Rose garden tours are another source of beneficial information about roses that grow well in our area. Make an effort to participate in an out-of-town garden tour this year as well visiting local gardens. My garden is always open, and this year I am planting many of the new roses just coming onto the market. I enjoy the anticipation of a new variety blooming in my garden, and this year I should be ecstatic if I can keep the rabbits in check... They love my roses too!

To continue to enjoy the full beauty and maximum production from the garden the remainder of the season, the rosarian must administer the necessary protection from pests as well as the watering and feeding on a regular schedule. Certain diseases are inherent in roses, and if ignored, they will not just go away.

All of us as rosarians are interested in the latest happenings in the world of roses. This interest ranges from the newest varieties on the market to the next level of safer pesticides... from the most recent fertilizer introductions to the ultimate in spray equipment. By being a member of the American Rose Society we can be privy to the wonderful world of roses and be a part of the dynamics that drive our great hobby. Each issue of The American Rose magazine always contains something new and educational, and the monthly magazine is only a portion of the benefits an ARS member enjoys. If you are not a member you are missing out on a vast source of pleasure relating to the hobby of growing roses.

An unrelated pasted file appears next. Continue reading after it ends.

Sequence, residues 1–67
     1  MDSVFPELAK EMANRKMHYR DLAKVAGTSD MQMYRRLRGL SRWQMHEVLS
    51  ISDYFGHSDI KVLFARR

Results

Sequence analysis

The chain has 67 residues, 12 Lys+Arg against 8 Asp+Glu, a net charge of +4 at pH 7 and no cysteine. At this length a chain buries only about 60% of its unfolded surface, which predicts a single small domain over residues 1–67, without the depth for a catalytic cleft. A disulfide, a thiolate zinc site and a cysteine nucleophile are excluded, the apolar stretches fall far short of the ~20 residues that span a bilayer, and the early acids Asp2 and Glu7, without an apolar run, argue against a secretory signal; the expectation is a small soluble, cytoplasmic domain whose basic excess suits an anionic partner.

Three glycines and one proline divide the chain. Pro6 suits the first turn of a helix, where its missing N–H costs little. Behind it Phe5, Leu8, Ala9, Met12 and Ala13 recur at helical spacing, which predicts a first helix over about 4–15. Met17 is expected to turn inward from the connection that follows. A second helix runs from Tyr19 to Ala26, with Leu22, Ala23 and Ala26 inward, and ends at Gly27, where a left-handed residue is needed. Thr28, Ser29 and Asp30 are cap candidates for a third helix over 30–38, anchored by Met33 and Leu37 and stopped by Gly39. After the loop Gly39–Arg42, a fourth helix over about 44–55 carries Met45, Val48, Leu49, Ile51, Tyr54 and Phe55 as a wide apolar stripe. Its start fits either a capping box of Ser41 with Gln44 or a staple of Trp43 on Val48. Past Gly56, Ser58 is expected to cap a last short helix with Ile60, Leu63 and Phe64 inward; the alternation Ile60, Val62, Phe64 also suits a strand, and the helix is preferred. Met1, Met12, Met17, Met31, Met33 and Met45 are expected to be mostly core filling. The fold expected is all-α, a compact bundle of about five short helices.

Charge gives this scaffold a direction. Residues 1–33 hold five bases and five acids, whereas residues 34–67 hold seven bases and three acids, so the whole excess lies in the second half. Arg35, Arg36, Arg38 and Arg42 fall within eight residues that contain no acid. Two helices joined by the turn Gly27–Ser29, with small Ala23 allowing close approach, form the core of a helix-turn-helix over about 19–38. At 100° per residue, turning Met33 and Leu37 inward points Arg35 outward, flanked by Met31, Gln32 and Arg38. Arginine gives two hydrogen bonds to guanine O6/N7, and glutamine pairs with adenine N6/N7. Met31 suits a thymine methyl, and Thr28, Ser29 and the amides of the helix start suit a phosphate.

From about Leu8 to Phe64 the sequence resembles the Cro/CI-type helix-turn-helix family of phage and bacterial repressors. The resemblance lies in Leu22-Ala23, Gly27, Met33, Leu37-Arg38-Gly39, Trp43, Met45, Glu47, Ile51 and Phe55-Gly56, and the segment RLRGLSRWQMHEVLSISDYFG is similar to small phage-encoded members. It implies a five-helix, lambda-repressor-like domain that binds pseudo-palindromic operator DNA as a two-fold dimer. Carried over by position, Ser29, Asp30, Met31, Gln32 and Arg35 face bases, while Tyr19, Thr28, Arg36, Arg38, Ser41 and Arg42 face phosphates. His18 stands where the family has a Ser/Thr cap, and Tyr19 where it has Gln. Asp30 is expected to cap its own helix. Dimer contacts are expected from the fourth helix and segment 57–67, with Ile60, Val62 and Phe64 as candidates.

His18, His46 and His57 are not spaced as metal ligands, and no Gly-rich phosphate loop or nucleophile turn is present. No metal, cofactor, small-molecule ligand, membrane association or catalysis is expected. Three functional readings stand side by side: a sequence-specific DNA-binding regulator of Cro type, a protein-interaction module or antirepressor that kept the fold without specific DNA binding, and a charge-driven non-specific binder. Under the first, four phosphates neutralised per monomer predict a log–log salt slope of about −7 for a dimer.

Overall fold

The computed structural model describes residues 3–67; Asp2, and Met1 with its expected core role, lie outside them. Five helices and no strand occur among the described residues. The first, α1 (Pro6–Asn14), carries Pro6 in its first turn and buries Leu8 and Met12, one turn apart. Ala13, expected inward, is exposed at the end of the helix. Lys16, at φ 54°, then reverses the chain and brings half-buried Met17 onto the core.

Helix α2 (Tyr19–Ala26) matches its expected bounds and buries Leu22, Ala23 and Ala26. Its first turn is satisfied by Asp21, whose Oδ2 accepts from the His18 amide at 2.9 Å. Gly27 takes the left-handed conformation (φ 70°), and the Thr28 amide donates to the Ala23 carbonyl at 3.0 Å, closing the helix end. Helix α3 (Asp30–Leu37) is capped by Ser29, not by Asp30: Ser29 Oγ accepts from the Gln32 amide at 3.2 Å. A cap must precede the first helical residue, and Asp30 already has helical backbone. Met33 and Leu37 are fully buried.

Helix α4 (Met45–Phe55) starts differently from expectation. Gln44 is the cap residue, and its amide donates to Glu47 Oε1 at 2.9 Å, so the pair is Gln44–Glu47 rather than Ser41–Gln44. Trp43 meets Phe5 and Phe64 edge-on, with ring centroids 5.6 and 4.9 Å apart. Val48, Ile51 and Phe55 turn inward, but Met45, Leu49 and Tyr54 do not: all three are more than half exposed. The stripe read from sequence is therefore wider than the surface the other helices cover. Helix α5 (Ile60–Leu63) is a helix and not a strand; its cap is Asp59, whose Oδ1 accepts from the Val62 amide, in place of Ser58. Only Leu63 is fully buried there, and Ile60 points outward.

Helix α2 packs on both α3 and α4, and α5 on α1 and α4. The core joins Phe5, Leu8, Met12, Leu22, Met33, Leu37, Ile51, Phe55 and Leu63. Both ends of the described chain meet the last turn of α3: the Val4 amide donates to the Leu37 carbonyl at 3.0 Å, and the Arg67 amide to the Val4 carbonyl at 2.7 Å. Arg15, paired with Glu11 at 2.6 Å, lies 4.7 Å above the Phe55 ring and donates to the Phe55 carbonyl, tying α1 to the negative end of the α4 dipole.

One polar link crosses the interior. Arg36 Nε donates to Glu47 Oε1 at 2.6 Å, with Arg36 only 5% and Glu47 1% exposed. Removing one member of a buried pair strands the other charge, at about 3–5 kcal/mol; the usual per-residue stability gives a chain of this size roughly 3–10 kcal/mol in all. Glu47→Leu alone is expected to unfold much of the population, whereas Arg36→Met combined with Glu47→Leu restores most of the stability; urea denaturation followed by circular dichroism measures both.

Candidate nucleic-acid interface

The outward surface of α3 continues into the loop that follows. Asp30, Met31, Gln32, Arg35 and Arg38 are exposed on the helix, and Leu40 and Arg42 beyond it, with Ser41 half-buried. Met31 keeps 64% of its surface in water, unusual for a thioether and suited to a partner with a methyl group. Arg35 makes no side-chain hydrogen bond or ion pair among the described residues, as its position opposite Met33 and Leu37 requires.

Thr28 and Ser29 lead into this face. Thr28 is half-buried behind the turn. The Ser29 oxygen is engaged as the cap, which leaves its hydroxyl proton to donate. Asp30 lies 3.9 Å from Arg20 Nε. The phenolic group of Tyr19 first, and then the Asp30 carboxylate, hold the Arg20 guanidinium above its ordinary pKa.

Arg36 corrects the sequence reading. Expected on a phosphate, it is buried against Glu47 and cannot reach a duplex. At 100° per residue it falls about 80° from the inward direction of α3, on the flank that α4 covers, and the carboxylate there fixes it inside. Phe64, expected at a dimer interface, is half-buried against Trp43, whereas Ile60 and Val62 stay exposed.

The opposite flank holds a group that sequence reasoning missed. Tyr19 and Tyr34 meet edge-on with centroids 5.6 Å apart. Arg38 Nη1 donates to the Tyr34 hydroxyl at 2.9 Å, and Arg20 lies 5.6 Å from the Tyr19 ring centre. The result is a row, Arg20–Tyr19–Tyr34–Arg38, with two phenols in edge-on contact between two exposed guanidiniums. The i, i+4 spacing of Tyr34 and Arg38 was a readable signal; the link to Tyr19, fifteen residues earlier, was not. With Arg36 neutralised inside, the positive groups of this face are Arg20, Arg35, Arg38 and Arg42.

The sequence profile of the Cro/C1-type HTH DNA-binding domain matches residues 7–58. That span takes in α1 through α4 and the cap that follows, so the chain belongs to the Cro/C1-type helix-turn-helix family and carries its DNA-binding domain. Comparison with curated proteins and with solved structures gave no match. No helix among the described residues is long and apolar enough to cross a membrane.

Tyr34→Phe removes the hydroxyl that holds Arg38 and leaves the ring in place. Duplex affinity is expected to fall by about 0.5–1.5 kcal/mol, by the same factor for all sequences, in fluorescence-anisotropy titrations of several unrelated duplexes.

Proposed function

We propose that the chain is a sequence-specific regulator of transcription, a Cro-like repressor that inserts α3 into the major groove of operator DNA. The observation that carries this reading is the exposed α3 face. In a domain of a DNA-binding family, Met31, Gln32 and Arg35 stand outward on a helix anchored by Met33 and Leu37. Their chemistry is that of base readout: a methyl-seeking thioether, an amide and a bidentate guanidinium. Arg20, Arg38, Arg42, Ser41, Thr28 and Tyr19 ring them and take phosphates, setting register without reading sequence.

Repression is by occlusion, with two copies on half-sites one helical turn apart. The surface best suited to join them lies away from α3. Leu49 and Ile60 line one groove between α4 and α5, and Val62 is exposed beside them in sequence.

Let us see what we should be doing in the garden now.


Rising temperatures this month quicken the pace for growth that should signal to the rosarian a need for a similar intensification in overall awareness of the plants' needs. The pests that prey on roses seem to increase proportionately to the rise in temperatures. Now, and for the balance of the growing season, a systematic approach to caring for the plants will pay dividends of more quality blooms and stronger overall growth. I use a calendar to remind me of application schedule dates as my memory is not as good as it should be.